Transform waste into wisdom of saving the future:hundred schoolchildren brainstormed to safeguard the world

Transform waste into wisdom of saving the future:

Hundred schoolchildren brainstormed to safeguard the world

On July 11th – 14th, at DDM World Center for Buddhist Education, 106 schoolchildren joined DDM Children's Camp where they explored new possible solutions for global waste. Through role-playing as national leaders, prime ministers or opinion leaders, they learned to use compassion and wisdom to safeguard the world.

“The living condition of the poor has been made worse by the waste we generate,” some children wrote down what they had learned from the discussion about the global waste issue. Others came up with various proposals, such as to "install air-purifying machines on top of incinerators" or to "invent edible plastics."


Meng Jun Wang (王盟君), volunteer who played as the Chairman of the International Summit on World Situation, thought that putting current international issues in the role-playing game provides a good opportunity for education. Through such a game, children learn to care for the earth, to communicate and to strive for the common good.

Wang also observed that during the initial stage of negotiation, schoolchildren, starting from their own experience, were mostly concerned about issues on livelihood, health, and economics. After further discussion and film watching, with a raised awareness for environmental protection, they started to learn how to cooperate and share benefit with one another.



Jing Hao, Lin (林靖皓),teacher in the camp, shared that “We collected from the internet information on waste related issues at all levels as our material to guide our children to closely observe the causes and consequences behind the phenomena.” According to Lin, understanding the cycle of production, consumption, recycle, reuse and pollution provides schoolchildren an opportunity to cultivate their systematic thinking.


In an age of low birth rate, children growing up in cities engage less in interacting with peers, sharing household chores, and getting close to the nature.
Venerable Chang Yun (常雲法師), the Camp Advisor, shared that in a camp held in the setting of simple and self-sufficient monastic lifestyle, schoolchildren learned to dedicate themselves to the public through providing services such as collecting garbage, dish-washing, picking and washing vegetables etc. Furthermore, they were also led to walk bare-foot along the Medicine Buddha Trail (藥師佛步道) and the bank of Caoyuan Stream (曹源溪畔) to feel the vigor of the nature and the vitality of the earth, generating naturally a wish in their mind to cherish the pure land underneath their feet.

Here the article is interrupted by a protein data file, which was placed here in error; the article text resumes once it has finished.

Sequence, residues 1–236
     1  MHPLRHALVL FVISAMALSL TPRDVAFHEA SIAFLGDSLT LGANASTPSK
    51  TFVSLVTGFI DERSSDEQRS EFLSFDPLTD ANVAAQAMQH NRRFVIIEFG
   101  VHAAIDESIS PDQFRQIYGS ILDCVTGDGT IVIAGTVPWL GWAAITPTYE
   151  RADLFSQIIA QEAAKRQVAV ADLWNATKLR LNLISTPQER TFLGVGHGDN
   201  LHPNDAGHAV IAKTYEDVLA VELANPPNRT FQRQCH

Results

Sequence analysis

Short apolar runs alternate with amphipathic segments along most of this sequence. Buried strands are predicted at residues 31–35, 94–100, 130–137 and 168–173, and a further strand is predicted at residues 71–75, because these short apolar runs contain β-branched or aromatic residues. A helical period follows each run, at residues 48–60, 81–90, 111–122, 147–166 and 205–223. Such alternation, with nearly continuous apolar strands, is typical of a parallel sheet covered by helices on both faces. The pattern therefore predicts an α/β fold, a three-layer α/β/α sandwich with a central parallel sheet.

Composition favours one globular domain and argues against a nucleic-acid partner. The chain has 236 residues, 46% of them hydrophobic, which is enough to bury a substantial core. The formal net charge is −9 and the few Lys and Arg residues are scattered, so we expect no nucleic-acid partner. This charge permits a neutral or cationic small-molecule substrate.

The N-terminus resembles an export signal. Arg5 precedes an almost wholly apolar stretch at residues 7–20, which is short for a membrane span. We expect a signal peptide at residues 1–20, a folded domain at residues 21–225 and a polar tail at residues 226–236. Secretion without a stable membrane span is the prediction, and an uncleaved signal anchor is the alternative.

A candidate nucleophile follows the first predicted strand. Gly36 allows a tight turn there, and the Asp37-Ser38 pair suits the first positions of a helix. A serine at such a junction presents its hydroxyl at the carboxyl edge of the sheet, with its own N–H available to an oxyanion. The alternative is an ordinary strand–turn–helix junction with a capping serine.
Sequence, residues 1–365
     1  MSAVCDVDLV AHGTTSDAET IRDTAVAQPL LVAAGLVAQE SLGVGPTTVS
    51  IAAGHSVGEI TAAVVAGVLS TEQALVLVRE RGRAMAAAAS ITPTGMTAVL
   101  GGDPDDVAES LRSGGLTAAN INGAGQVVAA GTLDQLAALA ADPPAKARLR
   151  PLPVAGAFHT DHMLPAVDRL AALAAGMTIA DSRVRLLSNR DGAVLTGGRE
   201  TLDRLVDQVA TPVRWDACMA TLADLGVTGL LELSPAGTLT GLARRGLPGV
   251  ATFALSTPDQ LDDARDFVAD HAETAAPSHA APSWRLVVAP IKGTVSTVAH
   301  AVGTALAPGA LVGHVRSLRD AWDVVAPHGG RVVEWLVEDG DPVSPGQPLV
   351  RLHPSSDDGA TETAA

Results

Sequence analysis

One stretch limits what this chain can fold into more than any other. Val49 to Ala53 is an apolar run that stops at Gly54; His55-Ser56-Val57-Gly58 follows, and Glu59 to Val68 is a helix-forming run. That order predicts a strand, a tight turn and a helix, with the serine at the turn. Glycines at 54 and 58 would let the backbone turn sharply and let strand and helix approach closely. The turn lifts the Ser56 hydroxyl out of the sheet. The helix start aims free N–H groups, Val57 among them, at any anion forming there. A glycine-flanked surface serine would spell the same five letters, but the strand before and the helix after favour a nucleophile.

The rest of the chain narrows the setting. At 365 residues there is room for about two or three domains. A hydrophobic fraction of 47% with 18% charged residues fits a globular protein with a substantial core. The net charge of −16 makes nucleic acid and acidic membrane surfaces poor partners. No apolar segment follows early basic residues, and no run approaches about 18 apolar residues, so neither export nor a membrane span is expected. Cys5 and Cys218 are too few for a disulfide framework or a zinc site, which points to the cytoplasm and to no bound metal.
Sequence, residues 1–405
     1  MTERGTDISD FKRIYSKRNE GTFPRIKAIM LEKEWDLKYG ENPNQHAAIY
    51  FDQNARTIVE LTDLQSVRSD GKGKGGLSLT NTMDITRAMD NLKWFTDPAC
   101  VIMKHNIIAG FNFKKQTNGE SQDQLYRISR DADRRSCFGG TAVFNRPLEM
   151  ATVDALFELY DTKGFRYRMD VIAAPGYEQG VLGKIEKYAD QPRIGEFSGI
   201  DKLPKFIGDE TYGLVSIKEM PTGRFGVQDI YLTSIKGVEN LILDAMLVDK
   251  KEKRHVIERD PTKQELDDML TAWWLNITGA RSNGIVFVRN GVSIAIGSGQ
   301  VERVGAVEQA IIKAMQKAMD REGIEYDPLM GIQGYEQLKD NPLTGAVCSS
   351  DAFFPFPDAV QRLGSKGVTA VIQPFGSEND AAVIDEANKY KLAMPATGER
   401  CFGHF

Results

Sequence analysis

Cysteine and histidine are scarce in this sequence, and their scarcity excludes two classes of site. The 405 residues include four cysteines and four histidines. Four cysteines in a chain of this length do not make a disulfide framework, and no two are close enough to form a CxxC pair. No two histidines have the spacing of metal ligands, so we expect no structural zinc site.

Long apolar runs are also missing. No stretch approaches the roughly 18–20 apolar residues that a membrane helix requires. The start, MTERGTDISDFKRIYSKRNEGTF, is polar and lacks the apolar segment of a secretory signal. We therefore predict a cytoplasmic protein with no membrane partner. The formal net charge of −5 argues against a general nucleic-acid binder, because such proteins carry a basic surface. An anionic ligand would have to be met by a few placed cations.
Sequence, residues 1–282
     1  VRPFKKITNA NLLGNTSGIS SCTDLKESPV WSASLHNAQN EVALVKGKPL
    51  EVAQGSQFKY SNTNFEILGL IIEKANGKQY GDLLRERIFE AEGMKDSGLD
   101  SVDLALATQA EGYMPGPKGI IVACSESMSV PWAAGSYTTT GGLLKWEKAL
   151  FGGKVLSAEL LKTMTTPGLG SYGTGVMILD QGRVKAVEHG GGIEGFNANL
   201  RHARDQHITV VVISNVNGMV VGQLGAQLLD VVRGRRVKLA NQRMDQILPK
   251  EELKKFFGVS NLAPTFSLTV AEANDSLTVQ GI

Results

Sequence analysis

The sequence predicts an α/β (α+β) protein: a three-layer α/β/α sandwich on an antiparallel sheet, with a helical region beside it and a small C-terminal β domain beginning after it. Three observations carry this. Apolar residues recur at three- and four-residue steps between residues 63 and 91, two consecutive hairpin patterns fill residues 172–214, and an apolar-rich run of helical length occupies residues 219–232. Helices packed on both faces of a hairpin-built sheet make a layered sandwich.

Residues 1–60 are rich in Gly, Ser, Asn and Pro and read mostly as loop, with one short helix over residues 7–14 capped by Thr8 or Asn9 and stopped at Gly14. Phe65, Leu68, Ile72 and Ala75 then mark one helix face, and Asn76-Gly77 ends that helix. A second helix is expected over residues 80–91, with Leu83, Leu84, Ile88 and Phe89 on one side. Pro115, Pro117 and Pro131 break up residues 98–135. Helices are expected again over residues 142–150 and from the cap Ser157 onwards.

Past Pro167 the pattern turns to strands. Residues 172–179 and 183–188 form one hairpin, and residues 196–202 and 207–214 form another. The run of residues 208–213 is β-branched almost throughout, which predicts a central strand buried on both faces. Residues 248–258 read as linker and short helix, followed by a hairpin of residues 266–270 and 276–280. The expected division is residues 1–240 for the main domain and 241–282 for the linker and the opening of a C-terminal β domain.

Venerable Yan Deng (演燈法師), who was in charge of curriculum planning for the camp, stated, “Anything is possible in this camp where the children get a chance to know themselves better through the role-playing game.”

The waste issue appears to be an environmental issue, but it is also a spiritual issue as well. Some people whose mind are poor don’t understand how to deal with their spiritual waste therefore polluting the spiritual environment around them whereas others are capable of transforming the waste tossed at them into wisdom of life. During the process of negotiation, children are actually cultivating their ability in communication and emotion management.

In the end, many schoolchildren wrote down their wishes, such as “buy second-hand products”, “do not buy disposable products”, “use eco-friendly shopping bags.” Each of all the written wishes was then folded into a paper-lamp, symbolizing the Bodhi-mind to be passed on to others on the night of gratitude as a blessing for all wishes to come true.





Texts: Lin, Ya-Ying (林雅櫻)
Photos: Department of Dharma Service
Translation: Elenda Huang
Editing: DDM Editorial Team; John Wu (吳俊宏)

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